Near the summit of the pass there is an interesting Kliphoutboom copse, and you briefly join the Noodpad, the “donkey-cart” road to Heuningvlei, before swinging west on Amon se Pad. The route follows the old wagon road over the Pakhuis that predates the modern pass, first built by Bain in 1867. It passes several popular bouldering sites before reaching Duiwel se Kruis, the cross-roads where the Boskloof path descends Amon se Poort to the left. A few hundred metres down the path to the right is a rock-shelter that could sleep up to three adults. It’s on the right of the path, not the left as the sample shows [the second correction!].
Clockwise from Top Left:
1. Fine waboom trees on the path
2. A typical Rocklands chockstone or window

3. Rough repairs to the old wagon-track

4. The Gate, the false non-entrance to Amon se Poort
Thereafter the old road – there are several signs of old stonework and repairs – plunges deep into the Rocklands world of outcrops, pillars, cavelets, rock windows, etc etc. It’s all a bit dry, unfortunately, with no reliable perennial water, but the flora is great, especially the many herbs. As you near the Pakhuis Pass you pass through the area where C. Louis Leipoldt and Dr Pieter Le Fras Nortier first successfully cultivated rooibos tea.
Left: Ancient rooibos tea bushes
Right: Pyramid Rock
The path plunges down onto the main road where a cutting has left it dangerous and slippery – repairs needed here, CapeNature, please – and the only way home is a 1km stroll down the tarred road, past Leipoldt’s Grave, to Kliphuis. There’s very little traffic and a high probability of baboons, so the main road walk is not too bad.


Not much info has come in since our successful name-gathering in the Wupperthal buiteposte, but we did get this letter from Louis Conradie – with more about that problematic Kruisrivier valley. I’m really unsure about how to deal with this on the map; any ideas, anyone?
I’m sorry I cannot reply to Louis – my system consistently rejects his email address, so please pass this on to him, those of you who know him. He writes [shortened]:
I led a group of 4 hikers on a 7 day CUM Hike-“expedition” doing a big circle starting from Algeria on 5 Sept. 2011 and finishing there again on 11 Sept. 2011.  Only 3 of us finished the whole route as one lady pulled out during day 5 due to feet problems.  The other two hikers who finished the route with me were David Rossouw and his wife, Karen, two very tough hikers, I must say!
On 10 Sept. 2011 we started from the Maltese Cross (where we slept the night of 9 Sept.), following the path to Bakleikraal and down into the valley of the Hekserivier past Riempie se Gat and Dons se Werf.  We lost the path quite a few times, but kept direction as I had already hiked that route in 2008.  On that hike in 2008 we wanted to take the path at the Kruisrivier which crossed over to Algeria, but somehow missed it and finished in the Pakhuispas [Nieuwoudt’s? - Ed] many kms later.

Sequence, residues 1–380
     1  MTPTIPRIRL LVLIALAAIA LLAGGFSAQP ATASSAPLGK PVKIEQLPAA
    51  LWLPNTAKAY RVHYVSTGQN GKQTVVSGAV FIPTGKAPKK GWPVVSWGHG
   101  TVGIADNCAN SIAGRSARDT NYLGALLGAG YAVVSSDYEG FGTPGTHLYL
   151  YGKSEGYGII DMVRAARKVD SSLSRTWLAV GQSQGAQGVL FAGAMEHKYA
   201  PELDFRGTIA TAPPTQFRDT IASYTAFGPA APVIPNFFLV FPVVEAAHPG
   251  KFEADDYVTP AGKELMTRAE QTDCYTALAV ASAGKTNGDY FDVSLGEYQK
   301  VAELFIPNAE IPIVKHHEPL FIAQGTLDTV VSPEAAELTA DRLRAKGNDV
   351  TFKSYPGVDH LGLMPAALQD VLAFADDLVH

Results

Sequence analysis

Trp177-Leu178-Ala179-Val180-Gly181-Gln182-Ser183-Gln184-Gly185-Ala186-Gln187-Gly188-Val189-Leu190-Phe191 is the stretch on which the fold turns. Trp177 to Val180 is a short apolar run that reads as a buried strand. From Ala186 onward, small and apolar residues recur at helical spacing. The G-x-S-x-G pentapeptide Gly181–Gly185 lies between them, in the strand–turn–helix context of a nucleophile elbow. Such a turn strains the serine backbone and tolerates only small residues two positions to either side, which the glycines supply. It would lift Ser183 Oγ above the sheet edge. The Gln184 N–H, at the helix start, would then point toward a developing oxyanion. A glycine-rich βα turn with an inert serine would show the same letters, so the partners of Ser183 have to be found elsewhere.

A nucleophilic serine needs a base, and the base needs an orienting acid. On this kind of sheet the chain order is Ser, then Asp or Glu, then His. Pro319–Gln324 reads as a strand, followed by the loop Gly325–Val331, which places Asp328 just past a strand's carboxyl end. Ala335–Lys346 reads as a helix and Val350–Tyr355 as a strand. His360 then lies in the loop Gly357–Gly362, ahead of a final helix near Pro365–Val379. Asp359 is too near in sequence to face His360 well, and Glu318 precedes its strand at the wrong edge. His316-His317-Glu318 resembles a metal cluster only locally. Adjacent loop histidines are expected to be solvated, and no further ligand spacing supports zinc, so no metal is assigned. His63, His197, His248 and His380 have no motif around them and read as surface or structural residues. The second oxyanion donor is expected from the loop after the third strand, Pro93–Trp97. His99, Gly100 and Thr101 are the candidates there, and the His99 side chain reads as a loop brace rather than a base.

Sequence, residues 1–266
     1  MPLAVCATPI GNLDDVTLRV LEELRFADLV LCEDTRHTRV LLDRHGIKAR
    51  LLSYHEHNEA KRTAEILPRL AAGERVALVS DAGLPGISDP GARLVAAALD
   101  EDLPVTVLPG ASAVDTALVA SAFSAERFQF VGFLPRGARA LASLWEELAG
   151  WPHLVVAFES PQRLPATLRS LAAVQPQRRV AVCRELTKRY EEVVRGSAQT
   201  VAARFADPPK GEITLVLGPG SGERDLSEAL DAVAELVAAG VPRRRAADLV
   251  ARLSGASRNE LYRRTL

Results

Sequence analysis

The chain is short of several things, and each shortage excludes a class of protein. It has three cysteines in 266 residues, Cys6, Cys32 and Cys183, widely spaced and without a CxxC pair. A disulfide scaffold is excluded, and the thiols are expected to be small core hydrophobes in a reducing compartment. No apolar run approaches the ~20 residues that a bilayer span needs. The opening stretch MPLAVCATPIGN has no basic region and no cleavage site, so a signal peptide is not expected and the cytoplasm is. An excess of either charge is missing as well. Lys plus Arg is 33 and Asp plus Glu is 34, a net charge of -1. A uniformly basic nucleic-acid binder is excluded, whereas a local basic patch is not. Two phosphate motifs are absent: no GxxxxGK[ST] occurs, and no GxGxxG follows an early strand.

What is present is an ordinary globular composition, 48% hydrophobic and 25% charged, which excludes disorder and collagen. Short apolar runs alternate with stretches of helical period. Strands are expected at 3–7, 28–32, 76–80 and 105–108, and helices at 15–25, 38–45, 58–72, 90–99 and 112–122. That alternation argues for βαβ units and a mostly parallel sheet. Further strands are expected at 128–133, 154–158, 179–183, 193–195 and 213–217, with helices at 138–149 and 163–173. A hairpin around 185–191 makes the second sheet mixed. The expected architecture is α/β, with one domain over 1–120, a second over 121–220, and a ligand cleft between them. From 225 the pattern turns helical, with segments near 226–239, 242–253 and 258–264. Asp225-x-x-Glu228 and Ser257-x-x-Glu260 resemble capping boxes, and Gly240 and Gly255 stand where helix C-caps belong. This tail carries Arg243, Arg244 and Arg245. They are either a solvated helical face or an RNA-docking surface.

We could not reach the Kruisrivier before dark on 10 Sept. 2011, but on 11 Sept. easily found a path going upstream along the Kruisrivier, which was very motivating.  But not for long!  We soon experienced the same overgrown and almost impassable route as was already reported in your reports – in fact, there was no route at all.  But we wanted to take that route to Algeria, so we struggled upwards in the kloof to the top, doing less than 1 km an hour!  It was really bundu-bashing as I have not experienced at any time in my hiking career
When we arrived at the top of the Kruisrivier after our hectic struggle to get through and over everything, it was really a nice and easy hike down to Algeria.
  I intend doing a 9 day hike in the Cederberg this year again, from 8-16 Sept., and am thinking of including the Hekserivier valley in the hike once again.  Maybe CapeNature, especially Patrick Lane at Algeria, has sent out teams to clear that Kruisrivier path making it hikeable again.  If not, our guts will again be tested to the limit!

Already acknowledged: Rudolf Andrag, Quinton Martins, Ronnie Hazell, Charles Merry, Ezan Wilson, Wim Morris, Alex Basson, Graham Bellairs, Julyan Symons, Galeo Saintz, Paul la Grange, Laurence Elton, Mike Scott, Peter Hart, Justin Lawson, Paul la Grange, David Donald, Johann Lanz, Cisca Nieuwoudt, Torben Wiborg, Sandy MacDonald, Trevor Rennison, Hendrico Burger, Nicky Lombard, Jeroen Kant, Patrick Lane, Ingar Valentyn, Pip Nieuwoudt, Eugene Moll, Greg Moseley, Tony Heher, Andrea and Moritz Connrad, Hennie van der Westhuizen, Isak Koopman, Kerneels Filander, Kellie of Grasvlei, Barry Ockhuis, Joey Ockhuis, Gert Theron, Mary Anne Zimri, Louis Conradie, Haffie Strauss

Let the comments come rolling in, asseblief ...
Kaartman, 19 June 2012

Saturday, June 9, 2012

Special Report: Collecting Names